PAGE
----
What I found interesting about how Rifkin’s argument led the readers into believing that his conclusions is the best one. Rifkin uses his introduction to make you curious about what the article is about, and he doesn’t state his main claim till the last few paragraphs of his piece. I understand that his claim is a very strong and controversial one so I understand why he chooses to do it this way. I enjoyed how it felt like he isn’t telling you how to feel about the situation before giving you the facts. Rifkin does the complete opposite, he gives you all the incorrect thoughts about animals not being like humans and provides you with facts that prove that animals are more like humans than you think.
A main claim that Rifkin uses is that animals are self-aware. The author uses two examples to show that animals have individuality, one of the examples was that this orangutan from the Atlanta Zoo using a mirror to adjust his sunglasses. Another main claim is animals have conceptual abilities. His evidence was a study done by Oxford University, and an example of the use of an abstract thought. The example Rifkin uses is a gorilla found in Northern California that has learned “1,000 signs and understand several thousand words,(paragraph 8)” this shows animals can think complexly, learn, and memorize.
The types of evidence Rifkin uses are examples, expert research results, and expert quotes. When the author is convincing the readers that animals can mourn, Rifkin uses an example of elephants mourning over their loss of their kin. He says that, “Elephants will often stand next to their dead kin for days, occasionally touching their bodies with their trunks.(paragraph 11)” He has many expert research results including Oxford University, Purdue University, and Gettysburg College. Rifkin also uses an expert quote to start the audience thinking about how we think about how we justify the treatment of the animals.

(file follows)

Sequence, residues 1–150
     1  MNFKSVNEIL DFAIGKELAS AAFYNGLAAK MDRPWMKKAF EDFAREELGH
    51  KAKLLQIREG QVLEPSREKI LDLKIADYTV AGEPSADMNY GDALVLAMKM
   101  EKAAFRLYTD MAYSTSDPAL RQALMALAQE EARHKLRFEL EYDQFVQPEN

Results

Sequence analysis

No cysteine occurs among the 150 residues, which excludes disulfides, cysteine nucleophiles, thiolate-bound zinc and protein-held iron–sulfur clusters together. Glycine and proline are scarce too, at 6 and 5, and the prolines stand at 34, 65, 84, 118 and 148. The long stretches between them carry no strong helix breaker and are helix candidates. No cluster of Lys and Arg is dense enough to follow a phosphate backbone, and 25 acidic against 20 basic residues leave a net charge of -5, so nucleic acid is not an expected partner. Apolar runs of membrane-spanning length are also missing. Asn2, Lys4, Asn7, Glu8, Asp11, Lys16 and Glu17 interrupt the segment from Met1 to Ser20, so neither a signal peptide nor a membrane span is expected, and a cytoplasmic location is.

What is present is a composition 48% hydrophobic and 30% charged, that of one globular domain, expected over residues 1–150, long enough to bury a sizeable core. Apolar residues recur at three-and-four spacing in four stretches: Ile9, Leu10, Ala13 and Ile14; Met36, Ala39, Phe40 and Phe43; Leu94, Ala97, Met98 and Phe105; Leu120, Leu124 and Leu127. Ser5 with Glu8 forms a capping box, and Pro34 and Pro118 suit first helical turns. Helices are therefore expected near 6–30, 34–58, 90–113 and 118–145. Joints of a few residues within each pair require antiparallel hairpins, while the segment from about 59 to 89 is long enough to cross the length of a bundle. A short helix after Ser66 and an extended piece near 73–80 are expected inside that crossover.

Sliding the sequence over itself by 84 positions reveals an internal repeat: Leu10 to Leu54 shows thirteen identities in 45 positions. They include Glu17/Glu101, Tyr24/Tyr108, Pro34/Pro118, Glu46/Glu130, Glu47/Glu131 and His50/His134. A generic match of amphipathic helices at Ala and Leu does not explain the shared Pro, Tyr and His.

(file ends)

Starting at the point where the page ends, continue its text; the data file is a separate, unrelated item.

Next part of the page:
Rifkin uses rebuttals and exemplification to persuade his audience. He starts the majority of his major claims with a false thought about animals and then showed the audience that that notion was wrong with his evidence. One example of this is when Rifkin argues about animals having their own identity. He starts the paragraph by saying most scientists think that animals aren’t self-aware. Then goes on to state two examples to persuade his readers with facts and logos.
Parry’s main argument in “The Art of Branding a Condition” is that healthcare marketers market medical conditions to make the treatment more profitable. What I find that is useful about the text is that I am now able to recognize when they are trying to persuade me into buying their product. A thing that I find is interesting is learning about the markets for treatments that were once not very profitable, but have now became so big that there are many brands, like mouthwash and heartburn.
Parry suggests that healthcare marketers use scare tactics to make people want to buy their product. They make the problem sound more dangerous and in more urgent need of a solution than there really needs to be. Listerine persuaded customers by using a more serious sounding condition to create more sales and in the following four years they saw a major increase. I haven’t recognized any similar methods of persuasion used.